Knowing my day would last yet another 2 hours because of it and I would be up until 2AM to finish loading the kilns, my frustration came out in the form of bombarding the wall with the wasted pieces.

The molds were soaked. They had been pushed beyond the call of duty and then some. Trying to get all the 'before Christmas' orders out in time, we spent days rolling molds out into the sun on a big cart.

Those were the molds that had no room on the tables or shelves, as the tables were already stacked with molds and a big fan blowing away the moisture.



When it comes to doing ceramic work, "same old,same old" doesn't cut it if you're wanting to make a living at it. You have to develop your own nitch - your own style.

Free hand art on ceramic products is highly desirable in the furniture stores, decor shops and even tourist shops.

I plan to write yet another instruction booklet just for ceramics artwork. As I said, I'm no longer doing it so I see no reason for sitting on the knowledge and not sharing it.

There are painting techniques, you can pick up easily. A little practise and you'll be right up there with the ceramic artist, demanding much better pricing and getting it. Each piece is 'one of a kind' and yet part of a grouping and the public loves that.

Now, my problem is this. Does anyone care to have this instruction? I certainly don't like wasting my time and this is one instruction booklet that will take some effort on my part. The pictures you see here are just a tiny sampling of the patterns we used to turn out and it's just a starting place. Once you master the idea and become practised in it, your imagination will run wild with design ideas. Anybody can do it.

I'd like to hear from you. If there is enough interest, I will put my nose to the grindstone and produce the instructions. 

(family togetherness)

I would also like to go further in the mold making by writing yet another booklet on molds of all sorts, including those one can make for plaster or resin products with a whole slew of ideas you can use to design and produce plaster or resin products.

I'll tell you a little secret. A secret I've never told. Along with everything else, I was producing small pots with indian design. Two men, representing the product, happened to go on vacation in Las Vegas. When they returned, they informed me that every single shop they went into expressed a great desire to see my products. Believe it or not, Las Vegas will buy every indian design you can produce. You literally could load up the car with indian pots and indian designed items and pay for your vacation and still come home with money in your pocket. I kid you not. You just have to know what colors and schemes tweek the interest and I just happen to know.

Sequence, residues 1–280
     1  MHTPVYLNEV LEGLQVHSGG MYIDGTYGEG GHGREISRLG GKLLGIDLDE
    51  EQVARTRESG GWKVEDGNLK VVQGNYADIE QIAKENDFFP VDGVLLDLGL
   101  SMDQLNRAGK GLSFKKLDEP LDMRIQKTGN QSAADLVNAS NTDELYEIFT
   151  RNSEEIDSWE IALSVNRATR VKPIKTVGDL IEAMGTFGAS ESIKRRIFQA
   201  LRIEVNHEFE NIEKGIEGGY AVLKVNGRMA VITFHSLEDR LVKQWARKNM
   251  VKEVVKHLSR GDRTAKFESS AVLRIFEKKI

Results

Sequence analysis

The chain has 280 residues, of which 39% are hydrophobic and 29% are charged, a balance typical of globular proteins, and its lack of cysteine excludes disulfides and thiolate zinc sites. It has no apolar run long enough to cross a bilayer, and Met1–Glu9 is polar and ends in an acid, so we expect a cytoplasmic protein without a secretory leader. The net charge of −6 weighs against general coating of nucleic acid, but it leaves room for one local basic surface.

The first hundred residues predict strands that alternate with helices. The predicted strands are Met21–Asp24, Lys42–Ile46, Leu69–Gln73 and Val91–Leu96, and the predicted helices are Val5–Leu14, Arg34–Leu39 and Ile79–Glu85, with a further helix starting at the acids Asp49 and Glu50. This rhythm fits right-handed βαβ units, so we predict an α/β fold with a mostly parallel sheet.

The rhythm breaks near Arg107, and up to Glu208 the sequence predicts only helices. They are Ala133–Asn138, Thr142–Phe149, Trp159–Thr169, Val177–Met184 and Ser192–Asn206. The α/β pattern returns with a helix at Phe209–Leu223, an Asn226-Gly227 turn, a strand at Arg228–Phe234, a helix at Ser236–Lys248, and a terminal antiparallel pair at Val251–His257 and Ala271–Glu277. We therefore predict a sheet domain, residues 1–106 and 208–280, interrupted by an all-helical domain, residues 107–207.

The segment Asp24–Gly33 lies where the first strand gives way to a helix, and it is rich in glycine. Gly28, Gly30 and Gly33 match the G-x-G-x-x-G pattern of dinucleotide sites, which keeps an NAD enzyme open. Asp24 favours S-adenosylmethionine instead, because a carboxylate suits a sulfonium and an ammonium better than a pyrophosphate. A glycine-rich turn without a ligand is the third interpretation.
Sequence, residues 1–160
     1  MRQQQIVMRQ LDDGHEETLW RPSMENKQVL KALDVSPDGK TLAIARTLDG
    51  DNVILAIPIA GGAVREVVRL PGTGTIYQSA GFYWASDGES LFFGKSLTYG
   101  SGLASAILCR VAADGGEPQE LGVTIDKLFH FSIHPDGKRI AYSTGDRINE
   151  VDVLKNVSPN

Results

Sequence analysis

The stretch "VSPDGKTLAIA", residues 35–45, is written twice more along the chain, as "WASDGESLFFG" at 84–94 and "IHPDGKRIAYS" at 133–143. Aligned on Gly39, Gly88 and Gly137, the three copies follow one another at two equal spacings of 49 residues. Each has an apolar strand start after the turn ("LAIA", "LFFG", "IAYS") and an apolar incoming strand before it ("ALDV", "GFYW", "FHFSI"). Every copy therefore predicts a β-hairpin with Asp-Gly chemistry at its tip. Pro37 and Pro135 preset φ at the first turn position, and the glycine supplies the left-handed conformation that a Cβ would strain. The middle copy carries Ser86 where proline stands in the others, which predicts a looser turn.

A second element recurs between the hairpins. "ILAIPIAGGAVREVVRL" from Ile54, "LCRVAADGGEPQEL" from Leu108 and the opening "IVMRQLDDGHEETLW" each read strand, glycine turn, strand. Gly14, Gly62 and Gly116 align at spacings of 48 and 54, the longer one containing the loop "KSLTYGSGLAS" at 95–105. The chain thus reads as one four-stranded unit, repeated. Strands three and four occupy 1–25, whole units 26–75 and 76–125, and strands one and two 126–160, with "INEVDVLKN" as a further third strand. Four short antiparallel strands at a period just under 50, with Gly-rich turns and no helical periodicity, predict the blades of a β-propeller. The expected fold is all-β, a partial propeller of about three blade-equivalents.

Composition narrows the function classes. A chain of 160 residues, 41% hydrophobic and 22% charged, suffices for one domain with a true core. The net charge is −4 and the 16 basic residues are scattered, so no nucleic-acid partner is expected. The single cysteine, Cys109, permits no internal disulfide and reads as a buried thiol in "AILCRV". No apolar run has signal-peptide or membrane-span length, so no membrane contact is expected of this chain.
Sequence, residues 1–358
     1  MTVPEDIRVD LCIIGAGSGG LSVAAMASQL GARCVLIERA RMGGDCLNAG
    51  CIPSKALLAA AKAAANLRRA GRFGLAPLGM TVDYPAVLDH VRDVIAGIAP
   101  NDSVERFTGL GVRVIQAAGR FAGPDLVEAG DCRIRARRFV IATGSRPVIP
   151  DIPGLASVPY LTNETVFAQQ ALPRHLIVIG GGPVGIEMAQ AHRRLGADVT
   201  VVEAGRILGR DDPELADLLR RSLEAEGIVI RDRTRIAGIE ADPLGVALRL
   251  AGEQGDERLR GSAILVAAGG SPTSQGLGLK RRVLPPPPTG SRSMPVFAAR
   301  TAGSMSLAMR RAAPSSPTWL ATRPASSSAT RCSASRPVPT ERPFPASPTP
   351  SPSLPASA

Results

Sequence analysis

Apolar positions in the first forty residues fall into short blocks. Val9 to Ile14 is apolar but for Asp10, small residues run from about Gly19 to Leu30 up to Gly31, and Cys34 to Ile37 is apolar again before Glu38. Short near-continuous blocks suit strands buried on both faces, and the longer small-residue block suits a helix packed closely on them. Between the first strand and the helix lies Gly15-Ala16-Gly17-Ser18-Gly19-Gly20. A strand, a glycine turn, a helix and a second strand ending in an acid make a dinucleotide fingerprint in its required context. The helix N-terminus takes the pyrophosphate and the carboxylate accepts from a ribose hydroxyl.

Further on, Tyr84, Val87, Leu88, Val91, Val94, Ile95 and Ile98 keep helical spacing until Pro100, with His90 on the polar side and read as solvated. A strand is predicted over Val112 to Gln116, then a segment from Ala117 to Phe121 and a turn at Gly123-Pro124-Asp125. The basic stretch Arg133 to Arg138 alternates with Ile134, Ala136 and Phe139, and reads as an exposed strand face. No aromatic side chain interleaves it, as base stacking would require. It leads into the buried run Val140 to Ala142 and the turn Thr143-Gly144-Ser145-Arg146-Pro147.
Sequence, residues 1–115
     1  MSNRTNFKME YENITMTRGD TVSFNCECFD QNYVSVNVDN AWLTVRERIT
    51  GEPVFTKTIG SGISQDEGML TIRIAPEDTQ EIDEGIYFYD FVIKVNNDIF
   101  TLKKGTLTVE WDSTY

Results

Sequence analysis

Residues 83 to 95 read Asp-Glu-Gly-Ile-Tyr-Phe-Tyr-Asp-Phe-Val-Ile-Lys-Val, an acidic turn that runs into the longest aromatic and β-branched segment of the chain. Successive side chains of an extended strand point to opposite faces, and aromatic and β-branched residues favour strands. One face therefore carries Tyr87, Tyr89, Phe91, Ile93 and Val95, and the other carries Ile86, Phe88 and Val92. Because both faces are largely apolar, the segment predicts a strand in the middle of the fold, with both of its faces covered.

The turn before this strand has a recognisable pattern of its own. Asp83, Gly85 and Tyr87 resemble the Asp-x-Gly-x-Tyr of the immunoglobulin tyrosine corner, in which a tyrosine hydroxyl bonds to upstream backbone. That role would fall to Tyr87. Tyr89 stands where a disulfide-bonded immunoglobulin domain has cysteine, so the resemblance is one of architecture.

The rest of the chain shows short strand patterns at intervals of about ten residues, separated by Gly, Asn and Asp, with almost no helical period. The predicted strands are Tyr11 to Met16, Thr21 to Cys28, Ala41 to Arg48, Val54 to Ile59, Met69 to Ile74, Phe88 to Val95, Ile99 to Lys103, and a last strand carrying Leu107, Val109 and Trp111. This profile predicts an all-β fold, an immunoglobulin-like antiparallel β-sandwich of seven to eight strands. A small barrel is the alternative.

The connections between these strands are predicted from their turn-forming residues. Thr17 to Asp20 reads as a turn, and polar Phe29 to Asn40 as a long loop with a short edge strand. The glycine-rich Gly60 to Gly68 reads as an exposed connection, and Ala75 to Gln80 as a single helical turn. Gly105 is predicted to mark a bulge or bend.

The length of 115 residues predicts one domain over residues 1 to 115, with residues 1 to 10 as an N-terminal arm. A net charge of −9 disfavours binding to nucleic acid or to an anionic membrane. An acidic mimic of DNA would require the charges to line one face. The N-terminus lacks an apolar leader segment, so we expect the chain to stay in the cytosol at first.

If all else fails, remember I can help with making custom molds. You can always get hold of me through my email at admin@judysbookshop.com

Again...I'd like you to drop by the message board to discuss these things and let me know what you want. I'm for real. Really and truly a 61 year old truck driving ceramist who is not doing the ceramics anymore and who learned the ins and outs of the gifting world.

I used to walk into a shop, for the first time, with dust all over me, clay ridden shoes and no makeup on, in jeans and a T-shirt and land a sale. No problem. How did that work? Well, for one thing, it was in New Mexico and that's the game there. High competition and ceramics everywhere. The difference is, it wasn't Teddy Bears, it was indian design and knowing what tweeked the tourism market.

You say the market is flooded? Oh yeah? From China!! Getting local quality work in theirs shops is greatly desired by the high volume gift shops. You can find them.

There are tiny tips and tricks that make a world of difference and I'll be more than happy to share them.

Here I am. Take advantage of it or not.

All these products are free hand painted.